At Office Hours #9, friend of the Gutter/Midnight Madness programmer/Shudder curator Colin Geddes and fellow Shudder curator Sam Zimmerman talk about horror. I especially enjoy the discussion about the difference between a “terror film” and a “horror film.”
Posted November 18, 2010
Jackass isn’t as stupid as it seems on the surface. I mean, there’s no question it’s jackassery and that’s the main draw, but it’s also a really interesting cultural project.
When the series premiered on MTV in 2000, it was a lo-tech, low budget show created and produced by a bunch of low income social outcasts, skateboarders and sideshow freaks. It’s changed some with success (and I suspect also too many trips to emerg), but the aesthetic and intention behind Jackass has stayed basically the same, which probably means they’ve resisted pressure to “improve” it away from its gutter roots.
Jackass seems to grow from the same refuse-infused soil as early punk movements. It’s the product of a ragtag group of people written off by society who create their own entertainment and use their bodies in extreme and provocative ways that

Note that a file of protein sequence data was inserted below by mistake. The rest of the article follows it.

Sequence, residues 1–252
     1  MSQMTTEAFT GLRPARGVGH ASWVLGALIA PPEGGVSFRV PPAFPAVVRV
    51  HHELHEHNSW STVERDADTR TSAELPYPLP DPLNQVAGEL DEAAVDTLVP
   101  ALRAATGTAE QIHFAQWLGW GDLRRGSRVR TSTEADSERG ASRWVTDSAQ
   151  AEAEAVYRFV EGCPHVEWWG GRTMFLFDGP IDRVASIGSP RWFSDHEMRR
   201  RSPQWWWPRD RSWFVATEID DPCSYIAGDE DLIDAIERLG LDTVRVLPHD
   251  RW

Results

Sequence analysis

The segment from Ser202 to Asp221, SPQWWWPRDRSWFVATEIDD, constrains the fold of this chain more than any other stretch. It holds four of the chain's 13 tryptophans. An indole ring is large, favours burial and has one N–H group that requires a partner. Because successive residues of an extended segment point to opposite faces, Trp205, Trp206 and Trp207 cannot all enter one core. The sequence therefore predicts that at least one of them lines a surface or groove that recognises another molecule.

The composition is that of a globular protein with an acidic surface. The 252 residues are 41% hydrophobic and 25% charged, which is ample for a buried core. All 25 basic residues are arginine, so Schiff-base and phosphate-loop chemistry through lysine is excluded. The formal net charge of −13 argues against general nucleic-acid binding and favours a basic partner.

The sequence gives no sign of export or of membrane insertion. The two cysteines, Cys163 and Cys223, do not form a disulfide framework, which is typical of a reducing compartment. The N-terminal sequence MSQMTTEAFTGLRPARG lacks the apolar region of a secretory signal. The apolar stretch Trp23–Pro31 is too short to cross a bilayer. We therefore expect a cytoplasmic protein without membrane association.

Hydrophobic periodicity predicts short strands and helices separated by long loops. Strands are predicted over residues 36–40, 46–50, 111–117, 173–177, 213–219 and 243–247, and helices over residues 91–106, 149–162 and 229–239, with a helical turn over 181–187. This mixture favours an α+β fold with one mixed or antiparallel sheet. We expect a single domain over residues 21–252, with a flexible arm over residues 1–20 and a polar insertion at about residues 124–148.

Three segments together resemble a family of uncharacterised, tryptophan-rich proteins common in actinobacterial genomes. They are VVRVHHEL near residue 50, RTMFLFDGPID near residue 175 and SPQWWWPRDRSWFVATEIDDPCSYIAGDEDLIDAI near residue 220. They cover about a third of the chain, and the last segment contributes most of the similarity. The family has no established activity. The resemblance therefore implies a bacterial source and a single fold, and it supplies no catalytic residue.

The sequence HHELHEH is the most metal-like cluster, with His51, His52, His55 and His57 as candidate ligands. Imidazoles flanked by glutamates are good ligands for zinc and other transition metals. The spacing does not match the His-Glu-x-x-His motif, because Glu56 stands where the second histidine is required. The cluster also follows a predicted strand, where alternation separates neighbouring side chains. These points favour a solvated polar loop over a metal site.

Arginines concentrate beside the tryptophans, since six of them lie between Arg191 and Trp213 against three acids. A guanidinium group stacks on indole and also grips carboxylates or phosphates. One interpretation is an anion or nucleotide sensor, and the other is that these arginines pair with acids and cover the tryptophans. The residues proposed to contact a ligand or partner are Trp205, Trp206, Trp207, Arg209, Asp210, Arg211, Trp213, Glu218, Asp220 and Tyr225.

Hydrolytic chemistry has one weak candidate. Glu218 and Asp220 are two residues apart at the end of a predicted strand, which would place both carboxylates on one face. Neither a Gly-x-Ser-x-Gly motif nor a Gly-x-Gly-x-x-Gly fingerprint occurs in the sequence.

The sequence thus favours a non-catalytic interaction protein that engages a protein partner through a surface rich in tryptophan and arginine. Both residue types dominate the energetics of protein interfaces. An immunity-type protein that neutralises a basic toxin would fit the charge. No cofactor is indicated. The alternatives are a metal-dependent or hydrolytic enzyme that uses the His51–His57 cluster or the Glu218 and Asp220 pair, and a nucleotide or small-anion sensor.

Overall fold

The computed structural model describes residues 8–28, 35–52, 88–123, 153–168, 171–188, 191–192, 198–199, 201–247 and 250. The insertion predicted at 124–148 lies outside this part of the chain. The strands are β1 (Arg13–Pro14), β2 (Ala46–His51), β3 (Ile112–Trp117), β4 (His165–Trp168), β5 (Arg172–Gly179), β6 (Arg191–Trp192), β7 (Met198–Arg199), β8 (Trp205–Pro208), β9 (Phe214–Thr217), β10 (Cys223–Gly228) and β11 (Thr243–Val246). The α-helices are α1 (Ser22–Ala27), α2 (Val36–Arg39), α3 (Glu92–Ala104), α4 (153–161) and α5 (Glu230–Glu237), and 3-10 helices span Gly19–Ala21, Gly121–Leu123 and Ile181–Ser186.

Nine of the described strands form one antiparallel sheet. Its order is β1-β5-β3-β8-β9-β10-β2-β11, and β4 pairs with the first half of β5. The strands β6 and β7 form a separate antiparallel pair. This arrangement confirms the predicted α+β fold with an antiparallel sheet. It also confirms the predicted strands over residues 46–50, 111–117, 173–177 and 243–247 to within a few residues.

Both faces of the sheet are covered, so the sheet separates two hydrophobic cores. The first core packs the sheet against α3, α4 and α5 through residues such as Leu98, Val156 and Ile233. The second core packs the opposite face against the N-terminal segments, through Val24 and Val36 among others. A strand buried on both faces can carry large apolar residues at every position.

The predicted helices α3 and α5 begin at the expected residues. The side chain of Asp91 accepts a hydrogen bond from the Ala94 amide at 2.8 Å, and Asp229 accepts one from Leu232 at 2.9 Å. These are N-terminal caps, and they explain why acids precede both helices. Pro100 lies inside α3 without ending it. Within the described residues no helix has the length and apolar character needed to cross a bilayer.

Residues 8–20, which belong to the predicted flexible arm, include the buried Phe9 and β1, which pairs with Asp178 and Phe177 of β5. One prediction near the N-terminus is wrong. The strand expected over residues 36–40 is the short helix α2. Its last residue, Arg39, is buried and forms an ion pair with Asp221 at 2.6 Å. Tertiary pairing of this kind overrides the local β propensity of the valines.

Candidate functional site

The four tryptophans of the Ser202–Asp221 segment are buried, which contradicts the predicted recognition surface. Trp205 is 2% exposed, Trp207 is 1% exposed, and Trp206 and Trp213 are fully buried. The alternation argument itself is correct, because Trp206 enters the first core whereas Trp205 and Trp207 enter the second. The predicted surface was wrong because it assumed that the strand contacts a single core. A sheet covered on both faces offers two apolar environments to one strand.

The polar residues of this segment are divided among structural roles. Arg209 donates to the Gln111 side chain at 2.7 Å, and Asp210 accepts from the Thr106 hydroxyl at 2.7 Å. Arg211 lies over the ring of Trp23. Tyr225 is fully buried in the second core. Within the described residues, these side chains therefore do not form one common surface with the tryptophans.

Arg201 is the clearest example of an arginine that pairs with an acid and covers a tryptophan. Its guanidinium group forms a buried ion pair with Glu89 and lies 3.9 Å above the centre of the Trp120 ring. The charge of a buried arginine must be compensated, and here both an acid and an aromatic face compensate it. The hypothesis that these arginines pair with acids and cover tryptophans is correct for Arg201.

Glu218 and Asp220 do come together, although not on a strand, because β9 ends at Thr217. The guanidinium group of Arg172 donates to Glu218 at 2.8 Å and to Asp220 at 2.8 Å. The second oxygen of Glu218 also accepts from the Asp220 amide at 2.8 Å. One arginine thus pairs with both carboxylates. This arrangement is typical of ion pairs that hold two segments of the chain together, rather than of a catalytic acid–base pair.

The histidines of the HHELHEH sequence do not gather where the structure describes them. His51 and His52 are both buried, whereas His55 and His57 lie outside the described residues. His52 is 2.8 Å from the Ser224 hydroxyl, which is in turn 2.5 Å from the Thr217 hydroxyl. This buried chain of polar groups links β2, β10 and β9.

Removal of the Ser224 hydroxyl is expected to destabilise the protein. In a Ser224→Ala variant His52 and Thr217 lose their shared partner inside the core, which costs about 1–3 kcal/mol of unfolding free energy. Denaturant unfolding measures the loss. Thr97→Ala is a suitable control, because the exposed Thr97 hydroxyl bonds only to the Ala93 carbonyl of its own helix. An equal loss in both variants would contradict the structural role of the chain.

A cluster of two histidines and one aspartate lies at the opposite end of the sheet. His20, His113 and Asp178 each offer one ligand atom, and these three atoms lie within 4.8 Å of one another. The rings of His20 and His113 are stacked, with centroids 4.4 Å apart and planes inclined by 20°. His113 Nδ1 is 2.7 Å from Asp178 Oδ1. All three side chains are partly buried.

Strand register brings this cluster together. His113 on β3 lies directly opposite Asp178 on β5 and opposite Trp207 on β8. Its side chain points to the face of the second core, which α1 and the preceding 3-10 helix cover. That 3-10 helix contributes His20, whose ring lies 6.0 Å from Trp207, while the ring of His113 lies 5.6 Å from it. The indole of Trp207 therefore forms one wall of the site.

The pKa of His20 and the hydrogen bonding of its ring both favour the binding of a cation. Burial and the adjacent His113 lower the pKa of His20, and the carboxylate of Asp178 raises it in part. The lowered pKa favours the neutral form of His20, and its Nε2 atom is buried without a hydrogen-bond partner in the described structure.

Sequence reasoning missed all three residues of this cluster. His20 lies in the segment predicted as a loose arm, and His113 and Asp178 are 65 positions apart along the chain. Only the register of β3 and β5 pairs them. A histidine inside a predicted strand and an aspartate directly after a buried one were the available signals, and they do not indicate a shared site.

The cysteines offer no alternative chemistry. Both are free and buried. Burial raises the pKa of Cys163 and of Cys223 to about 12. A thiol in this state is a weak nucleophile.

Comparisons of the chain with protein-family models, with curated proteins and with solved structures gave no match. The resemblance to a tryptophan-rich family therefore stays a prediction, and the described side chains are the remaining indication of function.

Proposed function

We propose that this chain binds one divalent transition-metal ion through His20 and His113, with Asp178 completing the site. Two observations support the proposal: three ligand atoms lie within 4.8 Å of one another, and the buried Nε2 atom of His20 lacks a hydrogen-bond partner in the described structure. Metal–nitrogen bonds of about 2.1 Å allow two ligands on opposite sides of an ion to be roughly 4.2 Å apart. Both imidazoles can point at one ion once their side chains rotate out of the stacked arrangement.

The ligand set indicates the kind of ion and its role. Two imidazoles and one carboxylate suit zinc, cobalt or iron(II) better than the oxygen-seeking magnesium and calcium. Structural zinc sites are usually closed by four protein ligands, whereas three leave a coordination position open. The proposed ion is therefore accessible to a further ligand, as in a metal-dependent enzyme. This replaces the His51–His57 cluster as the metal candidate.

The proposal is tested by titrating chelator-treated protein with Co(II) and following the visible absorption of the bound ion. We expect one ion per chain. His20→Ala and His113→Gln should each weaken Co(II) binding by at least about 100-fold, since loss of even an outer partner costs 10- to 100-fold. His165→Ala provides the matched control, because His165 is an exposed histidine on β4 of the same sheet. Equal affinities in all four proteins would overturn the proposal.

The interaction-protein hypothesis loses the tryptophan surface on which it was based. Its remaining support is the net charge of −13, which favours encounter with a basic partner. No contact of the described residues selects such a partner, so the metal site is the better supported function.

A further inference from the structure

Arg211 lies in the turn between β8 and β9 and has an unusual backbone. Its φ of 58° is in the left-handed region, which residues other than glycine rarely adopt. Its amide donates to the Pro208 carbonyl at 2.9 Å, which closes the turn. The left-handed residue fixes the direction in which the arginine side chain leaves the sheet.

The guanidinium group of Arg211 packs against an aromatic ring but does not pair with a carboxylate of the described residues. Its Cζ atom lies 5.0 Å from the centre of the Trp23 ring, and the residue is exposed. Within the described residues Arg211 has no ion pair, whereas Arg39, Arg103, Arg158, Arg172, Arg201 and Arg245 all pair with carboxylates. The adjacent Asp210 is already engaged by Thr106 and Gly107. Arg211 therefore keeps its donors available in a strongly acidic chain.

force people to think about and confront their own discomfort. In The Philosophy of Punk: More Than Noise (AK Press Distribution, 1999), Craig O’Hara draws a parallel between Punk and the avant-garde that also plays out in Jackass:
Early Punks (perhaps quite unknowingly) used many of the same revolutionary tactics employed by members of early avant-garde art movements juxtapositions of seemingly disparate objects and behaviors, intentional provocation of the audience, use of untrained performers, and drastic reorganization (or disorganization) of accepted performance styles and procedures.
Jackass ringmaster Johnny Knoxville insists on not intellectualizing what they do, so it seems a bit at odds to place Jackass in the traditions of the avante garde, postmodernism and performance art, but the shoe does fit. They focus on spectacle and exhibitionism without any justification or pretence of narrative. They use objects and environments in ways they were never intended to be used and mash improbable things together to cause cognitive dissonance. And the idea of excrement as entertainment is almost a joke about post-modern art.
The cast announce each stunt on camera – “Butt Fireworks,” “
Pit,” “Rent-a-Car Crash-Up Derby,” “Snake Bites Penis Puppet” – with scenes strung together in no obvious order, like a cross between sketch comedy and circus
sideshow. They skidoo in public water features, fly kites from their assholes, glue themselves together, confine themselves in close quarters with alligators and bees, attach rockets to everything, and consume and cover themselves in every bodily fluid and revolting
combination of substances they can think of.